Find a few statements that focus your mind and motivate you. It doesn’t matter whether they are pulled from a tacky motivational poster or just a few words to tell you what to do.

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    If you aren’t sure where to start, a good personal mantra is “Do it now!” You can find more here too: 7 Empowering Affirmations That Will Help You Be Mentally Strong

    13. Build on Success

    Success creates success. When you’ve just won, it is easy to feel motivated about almost anything. Emotions tend not to be situation specific, so a small win, whether it is a compliment from a colleague or finishing two thirds of your tasks before noon can turn you into a juggernaut.

    There are many ways you can place small successes earlier on to spur motivation later. Structuring your to-do lists, placing straightforward tasks such as exercising early in the day or giving yourself an affirmation can do the trick.

    Bonus: Staying Motivated Forever

    The best way to motivate yourself is to organize your life so you don’t have to. If work is a constant battle for you, perhaps it is time to start thinking about a new job. The idea is that explicit motivational techniques should be a backup, not your regular routine.

    Here are some other things to consider making work flow more naturally:

    Passion

    Do things you have a passion for. We all have to do things we don’t want to. But if life has become a chronic source of dull chores, you’ve got a big problem that needs fixing.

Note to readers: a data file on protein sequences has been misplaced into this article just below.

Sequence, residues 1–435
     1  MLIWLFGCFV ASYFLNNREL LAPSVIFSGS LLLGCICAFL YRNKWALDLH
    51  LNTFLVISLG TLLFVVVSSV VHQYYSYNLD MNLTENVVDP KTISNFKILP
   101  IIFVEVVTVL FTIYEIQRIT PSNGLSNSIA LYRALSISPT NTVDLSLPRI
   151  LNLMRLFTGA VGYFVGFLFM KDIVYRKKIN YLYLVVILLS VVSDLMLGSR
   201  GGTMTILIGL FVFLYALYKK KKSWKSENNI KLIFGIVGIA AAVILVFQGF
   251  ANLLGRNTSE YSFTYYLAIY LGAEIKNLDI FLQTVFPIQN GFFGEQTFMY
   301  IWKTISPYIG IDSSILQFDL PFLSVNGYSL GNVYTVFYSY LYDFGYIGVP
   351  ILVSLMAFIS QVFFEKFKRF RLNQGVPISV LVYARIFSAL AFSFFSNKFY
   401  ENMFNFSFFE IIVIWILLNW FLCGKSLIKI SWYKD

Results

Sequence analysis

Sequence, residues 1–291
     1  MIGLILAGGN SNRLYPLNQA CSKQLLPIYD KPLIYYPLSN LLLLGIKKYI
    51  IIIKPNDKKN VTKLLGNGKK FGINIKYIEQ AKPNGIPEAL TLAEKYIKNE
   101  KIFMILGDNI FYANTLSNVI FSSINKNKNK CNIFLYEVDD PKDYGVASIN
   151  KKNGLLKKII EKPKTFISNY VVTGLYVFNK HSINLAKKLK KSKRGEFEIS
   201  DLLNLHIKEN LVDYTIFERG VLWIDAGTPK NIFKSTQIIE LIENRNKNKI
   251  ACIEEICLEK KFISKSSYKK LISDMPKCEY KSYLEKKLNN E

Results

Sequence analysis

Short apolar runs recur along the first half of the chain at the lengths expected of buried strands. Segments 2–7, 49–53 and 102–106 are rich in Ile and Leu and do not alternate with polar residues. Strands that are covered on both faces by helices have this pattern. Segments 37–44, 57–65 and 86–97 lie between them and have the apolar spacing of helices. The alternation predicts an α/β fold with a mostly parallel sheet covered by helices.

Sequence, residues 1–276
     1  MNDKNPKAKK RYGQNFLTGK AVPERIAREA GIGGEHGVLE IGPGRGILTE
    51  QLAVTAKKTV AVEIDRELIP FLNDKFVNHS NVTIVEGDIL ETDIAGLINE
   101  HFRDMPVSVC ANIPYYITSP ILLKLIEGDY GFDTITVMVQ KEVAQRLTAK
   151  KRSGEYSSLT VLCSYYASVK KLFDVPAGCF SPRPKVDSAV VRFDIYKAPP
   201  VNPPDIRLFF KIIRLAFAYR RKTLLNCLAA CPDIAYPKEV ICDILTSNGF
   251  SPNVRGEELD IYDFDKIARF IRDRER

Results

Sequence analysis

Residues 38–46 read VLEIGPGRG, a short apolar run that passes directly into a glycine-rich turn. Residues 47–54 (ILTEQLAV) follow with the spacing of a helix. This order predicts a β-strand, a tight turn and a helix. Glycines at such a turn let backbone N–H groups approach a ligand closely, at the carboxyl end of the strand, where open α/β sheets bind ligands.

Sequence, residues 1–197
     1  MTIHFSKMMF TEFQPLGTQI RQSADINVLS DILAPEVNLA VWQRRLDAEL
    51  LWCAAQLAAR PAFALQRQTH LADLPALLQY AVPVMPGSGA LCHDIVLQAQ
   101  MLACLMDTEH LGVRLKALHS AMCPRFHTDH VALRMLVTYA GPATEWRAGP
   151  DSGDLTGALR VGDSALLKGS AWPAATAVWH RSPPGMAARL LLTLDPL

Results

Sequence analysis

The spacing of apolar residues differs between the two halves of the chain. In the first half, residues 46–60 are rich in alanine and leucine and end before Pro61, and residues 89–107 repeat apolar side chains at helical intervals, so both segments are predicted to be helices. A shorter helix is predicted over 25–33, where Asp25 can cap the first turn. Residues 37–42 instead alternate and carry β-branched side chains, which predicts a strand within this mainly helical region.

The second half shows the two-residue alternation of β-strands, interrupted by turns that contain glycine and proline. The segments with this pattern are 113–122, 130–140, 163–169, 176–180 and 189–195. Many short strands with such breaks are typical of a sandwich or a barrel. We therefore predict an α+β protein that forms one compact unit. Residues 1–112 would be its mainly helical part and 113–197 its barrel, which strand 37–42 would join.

Not sure what your passion is to get you motivated? This will help you: How to Get Motivated and Be Happy Every Day When You Wake Up

    Habits

    You can’t put everything on autopilot. I’ve found putting a few core habits in place creates a structure for the day.

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    Waking up at the same time, working at the same times and having a similar productive routine makes it easier to do the next day.

    This guide will be useful for you if you’re looking to build good habits: Understand Your Habits to Control Them 100%

    Flow

    Flow is the state where your mind is completely focused on the task at hand. While there are many factors that go into producing this state, having the right challenge level is a big part.

    Find ways to tweak your tasks so they hover in that sweet spot between boredom and maddening frustration.

    Easily distracted and hard to focus? Here’s your solution.

    Final Thoughts

    With all these tips I’ve shared with you, now you know what to do when you’re feeling unmotivated.

    Find your passion and develop a positive mantra so when the next time negativity hits you again, you know how to stay positive and motivated!

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    Featured photo credit: Pexels via pexels.com